Not before 6:30 pm can we continue our journey; it starts with the Utah- and Northern R.R. passing Salt Lake, its lonely shores being washed by salty waters. Bright moonlight shines upon the valleys we are crossing. At some stops we are offered fruits, we are happy to buy some. Higher up in the mountains it is getting rougher again. The next day, August 9th, light rain is starting to fall. At Eagle Rock in the state of Idaho we cross Snake River. In the afternoon we pass through narrow valleys, their sloping sides being covered in massive amounts of big and smaller rocks.
Further north, at the entrance to Montana territory, the train leads us through fertile valleys, but the mountains seem barren and unwooded. In Dillon we have at 6:40 pm finally reached the final railway destination. At the station I refresh myself with two small glasses of beer, for which I need to kill a quarter dollar.
From Dillon onwards, the journey continues in a stagecoach
Before climbing onto the broad, heavy stagecoach that is due to leave at 8 o’clock, I, at a secluded place, providently load my colt, to then let it disappear into my back pocket.
The stagecoach is being heavily loaded with luggage from all sides. Inside there are nine seats: 3 in the back, 3 in front and on a board in the middle, another three people can take place. All seats get occupied, I had quickly chosen the best place, in the middle of the back row, where I believed to be the safest in case of a knock over. This precaution should prove right already after a few hours.
Drawn by four strong horses, the coach rolls into the night, on the box seat the coachman and a companion are armed with guns and colts. The roads, if one can call them that, are mostly very poor. Constructed roads don’t exist, on has to drive cross country following the paths that other coaches have made. The bridges, which often cross mountain streams racing in the depth, are thoroughly built in the most simple way: Round tree trunks placed next to each other, without railing, which is why only experienced coachmen lead these stagecoach journeys.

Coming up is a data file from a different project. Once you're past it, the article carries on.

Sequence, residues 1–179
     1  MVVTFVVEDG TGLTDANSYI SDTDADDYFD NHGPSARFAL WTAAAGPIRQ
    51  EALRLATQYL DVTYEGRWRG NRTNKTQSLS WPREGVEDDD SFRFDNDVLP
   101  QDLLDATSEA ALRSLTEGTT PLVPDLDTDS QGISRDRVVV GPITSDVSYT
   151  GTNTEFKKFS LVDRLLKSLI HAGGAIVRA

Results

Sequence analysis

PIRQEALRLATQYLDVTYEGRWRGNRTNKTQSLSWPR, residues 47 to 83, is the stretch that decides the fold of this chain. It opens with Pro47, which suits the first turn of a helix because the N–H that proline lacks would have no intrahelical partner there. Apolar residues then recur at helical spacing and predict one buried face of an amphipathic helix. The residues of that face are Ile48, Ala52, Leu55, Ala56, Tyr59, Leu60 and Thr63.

The bumpy paths with deep grooves and big holes often cause severe shocks and a strong swaying of the coach, us sometimes fearing a knock over. Nevertheless, around midnight sleep has come upon most of the travelers. Despite being very tired, I could not quite fall asleep yet. Half asleep, I feel how the left side of the coach has gotten into a deep pit. Slowly the heavy coach is turning on its left side, my left neighbor is lying under me, fast asleep, while my right neighbor is already climbing out of the window, me adding an impatient “get out!”. Soon we are all outside, nobody is injured and nothing is damaged, windowpanes were not existing. With big efforts the coach is lifted upright again and the luggage tied on again, a scene enlightened by a curious full moon, that with a gleeful smile already at such an early hour congratulates me for my birthday – St. Lawrence day had just dawned.
After a delay of one hour we are continuing swiftly. In Salisbury we change coaches at 3:30 am, whereafter we continue with only four people and reach Virginia-City at 10 am. We have missed the connecting stagecoach, so we check in at Madison-house. For lunch and dinner as well as a bed for the night I had to pay two dollars. In the afternoon I went for a long walk to the mountains surrounding the little city. In the city I noticed many Indians who were idly squatting in front of their houses. Their appearance had nothing martial and could in no way be compared with Copper’s descriptions.
translated by Sabine Randoll